Materials and data


Materials form the core of our industrialized society. Producing high quality materials is, however, not easy. Even for well-studied materials such as steel and silicon, continuous adaptations are made to adapt material properties to market demand. As a result, inevitable changes need to be continuously made to the production process. The resulting optimal process variables are, however, not always easy to obtain or even detect. Gathering, storing and analyzing image and sensor data, detecting anomalies and providing warnings to processing engineers can lead to significant gains in production efficiency. Matters become even more difficult when working with new materials, where often many details of the materials properties are not known. Both analytical and predictive models can offer an important tool to help guide the development process. One important example is virtual screening, allowing us to traverse large combinatorial spaces using machine learning methods. Below we discuss some examples of how we can apply machine learning to materials.

Image analysis and anomaly detection

One of the most important innovations in the last few years is the ability to automatically process images using deep learning. In the field of materials science this offers many possibilities for automated image processing, both during production and R&D. Images can be classified with respect to materials type, content or quality. Image segmentation offers the ability to detect and highlight specific subsections within the material, for instance to determine the ratio of materials subtypes within the image. Based on object detection methods, anomalies can also be detected and highlighted to help process engineers detect when something is going wrong in the production process.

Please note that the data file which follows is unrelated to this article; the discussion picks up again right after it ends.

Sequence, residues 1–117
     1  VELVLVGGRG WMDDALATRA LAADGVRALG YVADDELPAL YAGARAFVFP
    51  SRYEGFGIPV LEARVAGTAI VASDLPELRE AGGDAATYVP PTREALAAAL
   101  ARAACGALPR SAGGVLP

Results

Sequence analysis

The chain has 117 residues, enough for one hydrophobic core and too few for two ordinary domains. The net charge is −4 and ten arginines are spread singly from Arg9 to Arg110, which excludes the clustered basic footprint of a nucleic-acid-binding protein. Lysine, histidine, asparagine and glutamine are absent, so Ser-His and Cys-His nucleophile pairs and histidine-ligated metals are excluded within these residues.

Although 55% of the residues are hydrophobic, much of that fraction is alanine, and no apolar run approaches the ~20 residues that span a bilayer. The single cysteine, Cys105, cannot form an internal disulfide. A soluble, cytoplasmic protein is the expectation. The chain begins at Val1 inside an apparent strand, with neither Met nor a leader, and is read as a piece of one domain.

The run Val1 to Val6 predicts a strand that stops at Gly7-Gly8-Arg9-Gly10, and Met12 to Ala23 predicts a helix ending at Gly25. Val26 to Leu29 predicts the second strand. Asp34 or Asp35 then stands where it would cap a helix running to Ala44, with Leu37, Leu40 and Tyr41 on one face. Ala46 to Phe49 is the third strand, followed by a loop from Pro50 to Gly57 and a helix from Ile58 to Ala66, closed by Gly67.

Virtual screening


The hunt for new and improved materials can be long and difficult, often requiring large R&D budgets to fund extended experiments. Virtual screening methods offer the possibility to quickly navigate difficult combinatorial spaces based on limited experimental data. By optimizing the sampling within the space, predictive machine learning models can be construed to guide future experiments. In the case of new material development, atomistic deep learning methods offer the potential to create advanced structure-property models capable of predicting materials properties even before synthesis.



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